Sciatica can start as a mild symptom and get worse, or it can come up suddenly and affect your routine. If treated on time, you can recover from the condition without any need for surgery.
What Is Sciatica?
Sciatica is not a condition or disease, but a symptom that points to some other type of health issue. It refers to the pain that starts in the sciatic nerve, the widest and longest nerve in the entire body which is located at the back of the leg. When there is any injury or pressure on the sciatic nerve, you feel the pain that is known as sciatica. While the pain will start around your lower back, it soon spreads to other areas such as the leg, hips and lower waist.
Sciatica can be of two types:
- Acute Sciatica Or Short Term Sciatica: This type of sciatica will usually get better on its own and may not require any medical attention. In most cases, you can get relief from acute sciatica by using hot and cold compress, some forms of exercise as well as certain over the counter (OTC) pain killers. It will usually get better within 6 to 8 weeks.
- Chronic Sciatica Or Long Term Sciatica: This type of sciatica will require some form of medical intervention or physiotherapy. In most cases, you can get relief from chronic sciatica by using a mix of various healing techniques such as medication, some form of exercise, heat compress and some other techniques. It will usually last for about 8 or more weeks.
It is very difficult to pinpoint a specific cause for sciatica, as anything that puts pressure on the sciatic nerve can lead to the pain.
One of the main reasons for sciatica is pressure on the lower spine which compresses the nerve root in the area. Here are some of the most common causes that could lead to sciatica:
- A herniated disk, in which case the disk moves out of its position temporarily and causes pressure build-up on the sciatic nerve.
- Any form of injury in the spine or one that directly affects the spine.
- Any form of infection in the spine.
- Any form of tumour in the spine that could put pressure on the sciatic nerve.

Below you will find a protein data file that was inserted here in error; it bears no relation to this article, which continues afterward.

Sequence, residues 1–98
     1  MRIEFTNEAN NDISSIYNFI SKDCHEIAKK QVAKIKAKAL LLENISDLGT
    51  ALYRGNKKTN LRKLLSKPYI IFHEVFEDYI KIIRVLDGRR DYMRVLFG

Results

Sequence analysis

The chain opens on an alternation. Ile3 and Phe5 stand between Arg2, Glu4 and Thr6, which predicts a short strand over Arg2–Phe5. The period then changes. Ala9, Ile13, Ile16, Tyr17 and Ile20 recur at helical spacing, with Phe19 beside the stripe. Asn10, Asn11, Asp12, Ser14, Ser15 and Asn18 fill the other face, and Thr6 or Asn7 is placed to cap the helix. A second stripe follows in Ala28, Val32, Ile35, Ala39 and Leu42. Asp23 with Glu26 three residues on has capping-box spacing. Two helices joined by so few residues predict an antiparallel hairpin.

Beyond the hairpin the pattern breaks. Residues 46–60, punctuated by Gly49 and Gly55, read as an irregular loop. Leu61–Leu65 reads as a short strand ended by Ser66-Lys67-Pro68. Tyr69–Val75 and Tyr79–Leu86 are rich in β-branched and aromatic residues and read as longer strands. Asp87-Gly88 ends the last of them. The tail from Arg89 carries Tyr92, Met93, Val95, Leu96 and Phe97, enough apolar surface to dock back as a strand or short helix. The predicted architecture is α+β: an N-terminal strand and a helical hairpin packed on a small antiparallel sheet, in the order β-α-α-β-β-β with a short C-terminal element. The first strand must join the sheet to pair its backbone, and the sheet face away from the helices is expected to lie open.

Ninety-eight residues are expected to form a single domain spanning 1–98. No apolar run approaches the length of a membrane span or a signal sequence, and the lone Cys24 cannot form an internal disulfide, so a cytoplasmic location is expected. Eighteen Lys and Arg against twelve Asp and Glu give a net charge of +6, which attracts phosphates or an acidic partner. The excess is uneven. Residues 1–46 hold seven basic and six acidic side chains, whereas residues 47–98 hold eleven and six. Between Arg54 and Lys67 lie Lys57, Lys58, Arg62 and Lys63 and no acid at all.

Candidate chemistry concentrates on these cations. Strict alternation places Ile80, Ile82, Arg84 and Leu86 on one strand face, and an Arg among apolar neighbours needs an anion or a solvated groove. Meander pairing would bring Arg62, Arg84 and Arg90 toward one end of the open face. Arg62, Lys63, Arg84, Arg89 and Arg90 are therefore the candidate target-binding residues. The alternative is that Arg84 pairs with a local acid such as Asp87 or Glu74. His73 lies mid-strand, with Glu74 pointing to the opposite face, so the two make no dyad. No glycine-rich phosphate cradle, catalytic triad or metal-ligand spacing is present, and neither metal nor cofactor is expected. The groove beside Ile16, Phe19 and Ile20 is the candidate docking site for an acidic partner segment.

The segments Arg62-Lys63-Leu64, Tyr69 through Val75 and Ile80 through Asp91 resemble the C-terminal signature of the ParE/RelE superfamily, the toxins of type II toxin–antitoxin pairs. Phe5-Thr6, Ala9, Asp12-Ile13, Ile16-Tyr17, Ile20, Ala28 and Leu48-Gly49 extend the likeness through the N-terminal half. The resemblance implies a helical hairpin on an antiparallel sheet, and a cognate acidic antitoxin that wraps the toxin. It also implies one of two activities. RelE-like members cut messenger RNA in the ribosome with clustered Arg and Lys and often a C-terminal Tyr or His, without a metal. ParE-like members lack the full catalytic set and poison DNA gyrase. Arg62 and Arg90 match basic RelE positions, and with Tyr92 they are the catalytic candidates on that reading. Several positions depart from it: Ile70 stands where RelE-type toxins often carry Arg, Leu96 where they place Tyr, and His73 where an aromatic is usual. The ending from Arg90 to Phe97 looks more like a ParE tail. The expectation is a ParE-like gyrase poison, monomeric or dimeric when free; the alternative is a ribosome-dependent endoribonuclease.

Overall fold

- Lumbar spinal stenosis, a condition in which the spinal cord becomes narrow around the lower back area and puts pressure on the sciatic nerve.
- Spondylolisthesis, a condition in which the disc slips out of its position and puts pressure on the sciatic nerve.
- Cauda equina syndrome, a rare condition in which the nerves located in the lower part of the spinal cord are affected. It is a very serious condition that could cause paralysis if not treated immediately.
You Are At A Higher Risk If
- You are in your 30s or 40s, as the disks in the spinal area will start deteriorating around this age.
- You regularly have to lift heavy weights and for a longer duration.
- You spend a lot of time sitting and do not have an active lifestyle.
- A sudden and shooting pain that starts around your lower back, reaches to your hips, and goes till the back of your leg.
- Tingling sensation in your toes and feet.
- Numb feeling in one part of the leg and pain in another part.
Diagnosis And Treatment
The doctor will examine your leg and suggest a few exercises, to see how the pain affects you while performing the same. In case the pain lasts for more than 4 to 8 weeks, you may have to go for an X-ray or MRI scan to find out what is putting pressure on the nerve.
Treatment will be based on the type of sciatica you have:
- Acute Sciatica – Your doctor will first put you on regular painkillers and some light exercise. Hot and cold compress can also give relief.
- Chronic Sciatica – Your doctor will prescribe some painkillers along with physiotherapy sessions, to improve muscle strength and flexibility. In addition, your doctor may also suggest chiropractic session as well as cognitive behavioural therapy (CBT) to help you manage the pain better.
In case the pain does not get better with a combination of the above methods, the doctor may suggest surgery. Based on your condition, it will either be:
- A lumbar laminectomy procedure, in which the spinal cord is widened to reduce any type of pressure on the nerves. OR
- A discectomy procedure, in which the herniated desk is either partially or fully removed.
Regularly exercising and maintaining the right posture can help prevent sciatica. You may get in touch with our physiotherapist to know more.